• The first reason why this type of model railroad has become so popular is that there are tons of accessories available from different manufacturers worldwide. Hence, people have an easy time obtaining the perfect set for their needs. The most popular ones are from Marklin, Atlas, and Besco, which offer various bridges, buildings (including European models), cars, train sets with different gauges, and regional layouts to choose from!
  • The second reason is that the HO-scale model railroad has become more affordable over the years due to declining prices of raw goods like metal sheets and plastic parts plus cheaper manufacturing costs thanks to machines. This made them accessible even for people on limited budgets to enjoy these miniature worlds without breaking the bank!
  • A third aspect is that this railway system uses standard track widths instead of scale sizes, so you don’t have to buy new pieces when switching between manufacturers.
  • The fourth reason is that HO scale trains are compatible with other scales, so people can mix and match them for a more realistic feel. This makes it easier to create the perfect layout no matter how big or small your space is!
  • A fifth aspect, which many enthusiasts consider as one of the major benefits, is that this railway system uses standard track widths instead of scale sizes. Hence, it means you don’t have to buy new pieces when switching between manufacturers. And last but not least: these tiny models require very little maintenance because they do not need electric power since most (but not all) locomotives run on air pressure thanks to their integrated toolbox, which houses pneumatic tools like compressors and generators!

There Are Many Different Types Of Models To Choose From – Steam Engines, Diesel Locomotives, Passenger Cars, Freight Cars, And More

  1. Steam Engines: Steam engines are what most people think of when they hear the word ‘train.’ They make a more realistic sound than diesel locomotives. The downside to steam models is that their size and price tend to be bigger, making them less popular among HO scale enthusiasts. Some modelers will build kits for older trains like Big Boy or Union Pacific’s Challenger engine.
  2. Diesel Locomotive: Diesel locomotives use electricity as power instead of coal or oil. This means they can run on batteries and don’t need a track system with an overhead wire, so you can display your train in any setting without worrying about running out of power! There are many different types, from American Flyer to Union Pacific, and if you want something a little more realistic than the traditional train set – this is your best bet.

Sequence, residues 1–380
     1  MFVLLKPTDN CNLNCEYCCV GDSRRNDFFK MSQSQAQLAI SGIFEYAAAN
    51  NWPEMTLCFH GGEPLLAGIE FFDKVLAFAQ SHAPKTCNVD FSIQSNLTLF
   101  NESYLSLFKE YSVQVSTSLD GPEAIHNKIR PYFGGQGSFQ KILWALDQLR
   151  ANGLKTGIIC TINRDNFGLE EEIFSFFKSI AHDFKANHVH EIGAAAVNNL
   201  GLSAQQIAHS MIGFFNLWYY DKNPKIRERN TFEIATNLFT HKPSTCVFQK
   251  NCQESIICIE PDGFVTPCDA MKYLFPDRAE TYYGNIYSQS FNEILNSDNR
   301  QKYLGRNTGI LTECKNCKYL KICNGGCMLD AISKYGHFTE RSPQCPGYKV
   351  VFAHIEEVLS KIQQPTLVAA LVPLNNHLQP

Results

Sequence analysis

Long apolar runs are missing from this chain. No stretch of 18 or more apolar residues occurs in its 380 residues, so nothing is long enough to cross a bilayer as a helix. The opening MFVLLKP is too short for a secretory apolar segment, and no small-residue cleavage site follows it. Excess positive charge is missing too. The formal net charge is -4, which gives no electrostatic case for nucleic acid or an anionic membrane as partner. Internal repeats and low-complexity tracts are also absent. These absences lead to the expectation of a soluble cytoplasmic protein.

3. Passenger Cars: Passenger cars are just that – they carry passengers! They make great additions to any model railroad layout where you need them for either freight or passenger service. HO scale trains can be costly, so sometimes it’s better to buy an inexpensive box car to save money on these models (or purchase them separately).
  4. Freight Cars: Freight cars have many different purposes depending on what type you’re looking for; some are used strictly as cargo, while others include livestock carriers, tankers, and lumbering cars. The most popular scales among those who build layouts with freight cars are N, HO, and O scales.
  5. Passenger Trains: Passenger trains are used to transport people daily. When it comes to model railroads, passenger models can be as simple or complex as you want them to be – they don’t have any moving parts, so the level of detail doesn’t matter! The most popular scales among builders with this type of train are G and Z (G being more common).

Model Train Scales Can Range Anywhere Between 1/24th (The Smallest) To 1/87th (The Largest). The More Detail, The Better!

  • On the smallest scale, trains are as small as two inches long. The largest train of this size is made by Atlas and measures close to four feet! This makes it perfect for those who want a large model that takes up little space on shelves or tables. It’s also great for younger children because of its relatively low price point.
  • The next most popular scale is HO at about one foot in length, with an average piece costing around $36-$50. The detail here can be perfect but not quite life-like compared to what would come out of a regular-sized hobbyist’s basement workshop (N Scale). The other downside? Due to their smaller size, they are less visible from across the room.
  • N Scale trains measure around 18” and can cost anywhere between $25-$50 each, depending on the size of the locomotive or car you get. They are a great option for people who have lots of space to display their model train collection because they take up less physical space than HO scale pieces and offer more detail when compared with other scales in its class (HO). However, due to this level of detail, it is not as good an option if your goal is to keep things affordable!
  • G Scale trains tend to be about two feet long but come at prices ranging from $100-$400 per piece, so they will work better for those looking for something special instead of someone interested in getting into modeling.
  • Lastly, we have the largest scale of them all: the S Scale. These size trains are around four feet long and can cost anywhere from $100-$450 per piece! These larger models are perfect for those looking to recreate a realistic scene with lots of detail that will make any train lover drool. They take up plenty of space, so they’re best in an extra room or basement when not on display for guests but some enthusiasts like having one set aside as their private model railroad system just because it looks fantastic.